7.  Housekeeping vs. the Dirt by Nick Hornby.  This collection of Hornby's book columns from The Believer makes me laugh.

8.  P. G. Wodehouse's Blandings books and Jeeves books.

9.  My Turn to Make the Tea by Monica Dickens.  A hilarious memoir about Monica's experiences working for a small-town newspaper.

10.  Modern Baptists by James Wilcox.  Amazon product description:  "Universally and repeatedly praised ever since it first appeared in 1983, Modern Baptists is the book that launched novelist James Wilcox’s career and debuted the endearingly daft community of Tula Springs, Louisiana. It’s the tale of Bobby Pickens, assistant manager of Sonny Boy Bargain Store, who gains a new lease on life, though he almost comes to regret it. Bobby’s handsome half brother F.X.—ex-con, ex-actor, and ex-husband three times over—moves in, and things go awry all over town. Mistaken identities; entangled romances with Burma, Toinette, and Donna Lee; assault and battery; charges of degeneracy; a nervous breakdown—it all comes to a head at a Christmas Eve party in a cabin on a poisoned swamp. This is sly, madcap romp that offers readers the gift of abundant laughter."


Danielle said...

Wow--we're on the very same wavelength--I was just thinking about comfort reads and was writing mine up last night to post later this afternoon! I've been turning to comfort reads quite a lot this year, though I have to say mine are probably a little less intellectual than most of yours! I could happily add I Capture the Castle and Mariana to my list, too. If you're curious to see what I came up with, my post will go up after work around 5:00-ish. And why on earth have I not yet read Wodehouse?! Great list.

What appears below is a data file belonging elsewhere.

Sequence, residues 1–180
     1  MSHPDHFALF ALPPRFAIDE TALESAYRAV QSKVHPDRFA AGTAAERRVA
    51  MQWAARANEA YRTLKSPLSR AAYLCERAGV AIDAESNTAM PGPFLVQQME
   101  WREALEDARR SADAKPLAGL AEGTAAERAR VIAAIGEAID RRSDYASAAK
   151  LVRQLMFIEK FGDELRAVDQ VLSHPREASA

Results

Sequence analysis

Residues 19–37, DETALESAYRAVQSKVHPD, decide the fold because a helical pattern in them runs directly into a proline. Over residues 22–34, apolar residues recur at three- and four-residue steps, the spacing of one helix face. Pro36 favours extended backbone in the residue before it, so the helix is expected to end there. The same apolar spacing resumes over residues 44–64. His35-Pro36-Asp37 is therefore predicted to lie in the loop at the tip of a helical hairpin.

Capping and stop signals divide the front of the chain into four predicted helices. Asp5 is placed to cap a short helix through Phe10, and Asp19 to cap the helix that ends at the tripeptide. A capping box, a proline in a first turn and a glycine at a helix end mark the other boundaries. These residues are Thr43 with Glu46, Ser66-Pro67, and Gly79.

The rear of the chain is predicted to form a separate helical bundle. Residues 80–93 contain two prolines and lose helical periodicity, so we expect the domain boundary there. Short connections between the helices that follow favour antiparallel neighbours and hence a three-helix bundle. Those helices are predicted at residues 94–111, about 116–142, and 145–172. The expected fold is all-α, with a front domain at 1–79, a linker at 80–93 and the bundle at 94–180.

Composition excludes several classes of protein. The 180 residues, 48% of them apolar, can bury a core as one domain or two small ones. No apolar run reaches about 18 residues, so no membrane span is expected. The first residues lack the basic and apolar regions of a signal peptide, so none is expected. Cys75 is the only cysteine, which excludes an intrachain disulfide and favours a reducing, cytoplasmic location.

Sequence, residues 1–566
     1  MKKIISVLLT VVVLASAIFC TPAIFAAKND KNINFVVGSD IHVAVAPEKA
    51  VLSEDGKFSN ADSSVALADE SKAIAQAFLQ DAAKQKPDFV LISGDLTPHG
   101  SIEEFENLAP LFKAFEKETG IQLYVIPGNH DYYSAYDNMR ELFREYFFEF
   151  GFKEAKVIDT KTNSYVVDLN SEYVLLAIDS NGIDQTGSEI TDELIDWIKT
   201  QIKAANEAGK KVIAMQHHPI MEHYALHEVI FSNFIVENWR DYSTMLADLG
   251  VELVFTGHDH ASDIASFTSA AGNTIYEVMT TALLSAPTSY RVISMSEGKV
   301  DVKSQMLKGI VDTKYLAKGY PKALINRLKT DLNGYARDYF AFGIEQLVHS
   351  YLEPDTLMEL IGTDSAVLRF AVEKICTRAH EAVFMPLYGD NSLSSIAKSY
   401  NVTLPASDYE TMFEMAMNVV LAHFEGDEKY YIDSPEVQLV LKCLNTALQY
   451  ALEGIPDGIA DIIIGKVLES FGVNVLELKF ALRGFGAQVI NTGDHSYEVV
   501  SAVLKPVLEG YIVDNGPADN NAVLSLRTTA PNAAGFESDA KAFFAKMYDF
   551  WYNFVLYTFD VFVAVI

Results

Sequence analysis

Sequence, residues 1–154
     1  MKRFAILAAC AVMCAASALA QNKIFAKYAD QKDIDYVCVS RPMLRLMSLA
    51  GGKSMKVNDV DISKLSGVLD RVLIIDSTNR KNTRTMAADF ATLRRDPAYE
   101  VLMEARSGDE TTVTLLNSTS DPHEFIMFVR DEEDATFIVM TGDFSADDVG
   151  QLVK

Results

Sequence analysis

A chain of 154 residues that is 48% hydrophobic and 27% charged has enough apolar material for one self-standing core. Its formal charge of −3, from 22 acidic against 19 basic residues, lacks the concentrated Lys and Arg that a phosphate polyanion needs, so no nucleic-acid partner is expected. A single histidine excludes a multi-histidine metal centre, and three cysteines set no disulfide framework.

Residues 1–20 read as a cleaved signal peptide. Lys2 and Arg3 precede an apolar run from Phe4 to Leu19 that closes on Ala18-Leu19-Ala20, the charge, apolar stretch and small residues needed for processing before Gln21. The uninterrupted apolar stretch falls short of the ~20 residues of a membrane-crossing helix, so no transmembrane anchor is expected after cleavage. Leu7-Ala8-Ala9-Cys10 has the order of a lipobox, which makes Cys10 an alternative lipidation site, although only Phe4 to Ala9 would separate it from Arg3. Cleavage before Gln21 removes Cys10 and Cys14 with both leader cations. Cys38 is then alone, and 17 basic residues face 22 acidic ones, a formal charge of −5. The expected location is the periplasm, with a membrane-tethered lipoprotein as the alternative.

Anonymous said...

I can't always predict what will comfort. Alas, Graham is not sustaining me. Stanger from the Sea has not yet pulled me in and is not yet a comfort read. I need one just now, Kathy. Ellen

Frisbee said...

Danielle, I can't wait to read your comfort list. It's that time of the year.

Ellen, maybe R. F. Delderfield? I loved his historical novel, God Is an Englishman.

StuckInABook said...

Oh, comfort reads are so perfect. I must compile a list, although having said that, most of my favourite books are also comfort reads. I Capture the Castle would definitely be there, as would the film for that equivalent list.

Have you read Monica Dickens' One Pair of Hands? I enjoyed My Turn to Make The Tea, but One Pair of Hands even more so.

Frisbee said...

Yes, I love One Pair of Hands! I like Monica Dickens' memoirs even better than her novels.

Comfort reads are so much fun. I love these ever-changing lists and will certainly look forward to yoars.